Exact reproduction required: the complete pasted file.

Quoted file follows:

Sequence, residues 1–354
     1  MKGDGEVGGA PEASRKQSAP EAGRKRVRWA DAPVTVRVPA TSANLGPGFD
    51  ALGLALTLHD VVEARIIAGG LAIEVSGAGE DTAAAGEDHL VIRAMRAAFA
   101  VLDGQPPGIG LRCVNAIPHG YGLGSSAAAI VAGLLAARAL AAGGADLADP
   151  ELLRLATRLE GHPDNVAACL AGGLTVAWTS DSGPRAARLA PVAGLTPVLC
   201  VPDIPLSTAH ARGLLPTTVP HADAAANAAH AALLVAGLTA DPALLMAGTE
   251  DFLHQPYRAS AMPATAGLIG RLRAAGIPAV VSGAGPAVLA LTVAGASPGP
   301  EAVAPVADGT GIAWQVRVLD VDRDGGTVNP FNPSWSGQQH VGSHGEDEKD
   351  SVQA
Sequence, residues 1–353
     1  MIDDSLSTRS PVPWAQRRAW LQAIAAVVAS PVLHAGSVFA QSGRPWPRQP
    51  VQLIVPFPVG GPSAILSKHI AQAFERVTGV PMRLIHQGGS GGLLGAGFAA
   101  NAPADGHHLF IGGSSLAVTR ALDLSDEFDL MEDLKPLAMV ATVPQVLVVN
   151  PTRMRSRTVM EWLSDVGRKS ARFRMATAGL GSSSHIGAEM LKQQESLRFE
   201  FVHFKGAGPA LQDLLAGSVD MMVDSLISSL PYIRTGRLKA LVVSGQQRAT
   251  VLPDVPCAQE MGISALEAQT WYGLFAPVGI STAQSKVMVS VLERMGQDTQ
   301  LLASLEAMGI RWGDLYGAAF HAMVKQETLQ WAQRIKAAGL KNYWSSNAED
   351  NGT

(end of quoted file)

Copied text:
Sequence, residues 1–354
     1  MKGDGEVGGA PEASRKQSAP EAGRKRVRWA DAPVTVRVPA TSANLGPGFD
    51  ALGLALTLHD VVEARIIAGG LAIEVSGAGE DTAAAGEDHL VIRAMRAAFA
   101  VLDGQPPGIG LRCVNAIPHG YGLGSSAAAI VAGLLAARAL AAGGADLADP
   151  ELLRLATRLE GHPDNVAACL AGGLTVAWTS DSGPRAARLA PVAGLTPVLC
   201  VPDIPLSTAH ARGLLPTTVP HADAAANAAH AALLVAGLTA DPALLMAGTE
   251  DFLHQPYRAS AMPATAGLIG RLRAAGIPAV VSGAGPAVLA LTVAGASPGP
   301  EAVAPVADGT GIAWQVRVLD VDRDGGTVNP FNPSWSGQQH VGSHGEDEKD
   351  SVQA
Sequence, residues 1–353
     1  MIDDSLSTRS PVPWAQRRAW LQAIAAVVAS PVLHAGSVFA QSGRPWPRQP
    51  VQLIVPFPVG GPSAILSKHI AQAFERVTGV PMRLIHQGGS GGLLGAGFAA
   101  NAPADGHHLF IGGSSLAVTR ALDLSDEFDL MEDLKPLAMV ATVPQVLVVN
   151  PTRMRSRTVM EWLSDVGRKS ARFRMATAGL GSSSHIGAEM LKQQESLRFE
   201  FVHFKGAGPA LQDLLAGSVD MMVDSLISSL PYIRTGRLKA LVVSGQQRAT
   251  VLPDVPCAQE MGISALEAQT WYGLFAPVGI STAQSKVMVS VLERMGQDTQ
   301  LLASLEAMGI RWGDLYGAAF HAMVKQETLQ WAQRIKAAGL KNYWSSNAED
   351  NGT